Using Location Experience as Research

As I’m writing the next book in my upcoming Love and Honor series, I have my characters in Kuwait.

It’s important to know as much about an area you’re writing as possible. The Internet has opened up so many doors for authors. I can’t tell you how many hours I’ve spent on Google Earth, “walking” down a street.

But for Kuwait, it’s cool because I’ve been to Kuwait. My husband was in Afghanistan but was sent to Kuwait to take a 2-week long class, so I met him there. While we were there, it was the 20th anniversary of the liberation of Kuwait. My husband was with the 101st Airborne during that war and was in the front wave of the liberation force. The population was very pro-American the week I was there.

This is a picture of Gregg with his father and his sister on Easter Sunday 1991 in Kuwait. They were all deployed to Desert Storm in three different Airborne units – 101st Airborne, 82nd Airborne, and 18th Airborne.

Gregg, his father, and his sister

We stayed for a few days in an apartment provided by his company, then his class started and we stayed at a Hilton resort on the beach that had THE.MOST.AMAZING food ever. Like, ever. We talk about it often, and how we’d go back just to stay at that resort and eat.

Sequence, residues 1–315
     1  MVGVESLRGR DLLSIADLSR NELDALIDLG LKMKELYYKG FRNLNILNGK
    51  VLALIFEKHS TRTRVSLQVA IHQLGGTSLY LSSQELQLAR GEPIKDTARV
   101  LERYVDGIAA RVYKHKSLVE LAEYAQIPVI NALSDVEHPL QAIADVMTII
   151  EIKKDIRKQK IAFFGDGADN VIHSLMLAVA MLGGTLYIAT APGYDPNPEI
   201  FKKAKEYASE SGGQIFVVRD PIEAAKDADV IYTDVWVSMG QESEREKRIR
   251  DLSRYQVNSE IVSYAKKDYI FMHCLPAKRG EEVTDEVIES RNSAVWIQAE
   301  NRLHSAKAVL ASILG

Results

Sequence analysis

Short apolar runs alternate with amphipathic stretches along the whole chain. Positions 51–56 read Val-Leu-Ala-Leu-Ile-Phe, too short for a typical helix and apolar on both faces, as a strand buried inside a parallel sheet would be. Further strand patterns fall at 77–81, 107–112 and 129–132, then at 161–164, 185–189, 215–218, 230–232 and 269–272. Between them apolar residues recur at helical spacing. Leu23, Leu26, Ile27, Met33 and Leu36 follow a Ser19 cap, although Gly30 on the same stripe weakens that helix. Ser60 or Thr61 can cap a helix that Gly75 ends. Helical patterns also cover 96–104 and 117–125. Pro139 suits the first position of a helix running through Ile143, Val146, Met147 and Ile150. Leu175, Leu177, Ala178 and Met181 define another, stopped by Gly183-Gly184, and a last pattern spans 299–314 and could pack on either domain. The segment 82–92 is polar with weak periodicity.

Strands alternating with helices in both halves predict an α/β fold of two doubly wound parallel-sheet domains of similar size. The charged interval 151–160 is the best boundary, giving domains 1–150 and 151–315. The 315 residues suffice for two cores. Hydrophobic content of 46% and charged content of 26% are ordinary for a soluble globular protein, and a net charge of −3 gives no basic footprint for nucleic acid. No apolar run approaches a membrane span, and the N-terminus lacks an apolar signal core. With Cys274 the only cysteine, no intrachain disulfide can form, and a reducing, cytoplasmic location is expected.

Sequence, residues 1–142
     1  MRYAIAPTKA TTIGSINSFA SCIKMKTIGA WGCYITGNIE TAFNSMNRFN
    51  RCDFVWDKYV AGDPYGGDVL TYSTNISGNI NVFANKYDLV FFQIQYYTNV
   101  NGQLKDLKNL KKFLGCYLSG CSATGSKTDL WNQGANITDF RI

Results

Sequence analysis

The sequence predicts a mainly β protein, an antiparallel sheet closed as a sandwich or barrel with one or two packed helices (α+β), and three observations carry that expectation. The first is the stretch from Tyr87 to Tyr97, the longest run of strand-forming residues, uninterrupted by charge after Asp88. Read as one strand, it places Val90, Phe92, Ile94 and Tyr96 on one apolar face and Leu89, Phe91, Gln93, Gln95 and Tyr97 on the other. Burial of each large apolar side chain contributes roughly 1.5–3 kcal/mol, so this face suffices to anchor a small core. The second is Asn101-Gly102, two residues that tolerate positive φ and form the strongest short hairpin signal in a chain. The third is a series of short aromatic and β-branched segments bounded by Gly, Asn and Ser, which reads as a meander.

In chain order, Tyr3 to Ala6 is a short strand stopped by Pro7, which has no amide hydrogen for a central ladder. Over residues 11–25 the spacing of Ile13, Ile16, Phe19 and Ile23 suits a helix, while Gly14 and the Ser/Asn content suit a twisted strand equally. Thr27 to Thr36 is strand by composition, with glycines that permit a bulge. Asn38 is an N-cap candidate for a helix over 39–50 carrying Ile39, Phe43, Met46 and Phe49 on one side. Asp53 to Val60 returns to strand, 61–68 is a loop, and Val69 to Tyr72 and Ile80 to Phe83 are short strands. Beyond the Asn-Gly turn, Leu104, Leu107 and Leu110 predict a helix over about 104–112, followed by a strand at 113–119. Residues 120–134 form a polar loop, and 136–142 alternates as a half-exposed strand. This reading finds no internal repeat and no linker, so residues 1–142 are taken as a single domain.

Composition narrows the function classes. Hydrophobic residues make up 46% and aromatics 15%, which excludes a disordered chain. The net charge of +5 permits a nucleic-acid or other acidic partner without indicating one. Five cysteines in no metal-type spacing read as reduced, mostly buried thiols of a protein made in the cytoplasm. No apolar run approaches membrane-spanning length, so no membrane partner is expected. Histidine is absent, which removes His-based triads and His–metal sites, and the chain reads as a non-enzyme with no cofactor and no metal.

I’ve driven the streets, shopped the shops, eaten the food, interacted with the populace (while my husband, who is fluent in Arabic, translated).

Hallee in front of one of the 3 malls in Kuwait

We’ve discussed a few times taking a job in that part of the world to let our children experience a different culture, but God’s never opened those doors in a perfect timing kind of way.


  1. No amount of research can replace the tastes and smells of a location, the warmth of a smile, the feel of an atmosphere, the sound of the music of voices of another language — or the feeling of isolation that may result when experiencing life as an outsider. What a wonderful book this next will be with your experience of Kuwait and a positive interaction with the people. Fiction can be a door that not only opens our minds to possibilities of other places, but our hearts as well.

    1. Well said, Susan! I agree.

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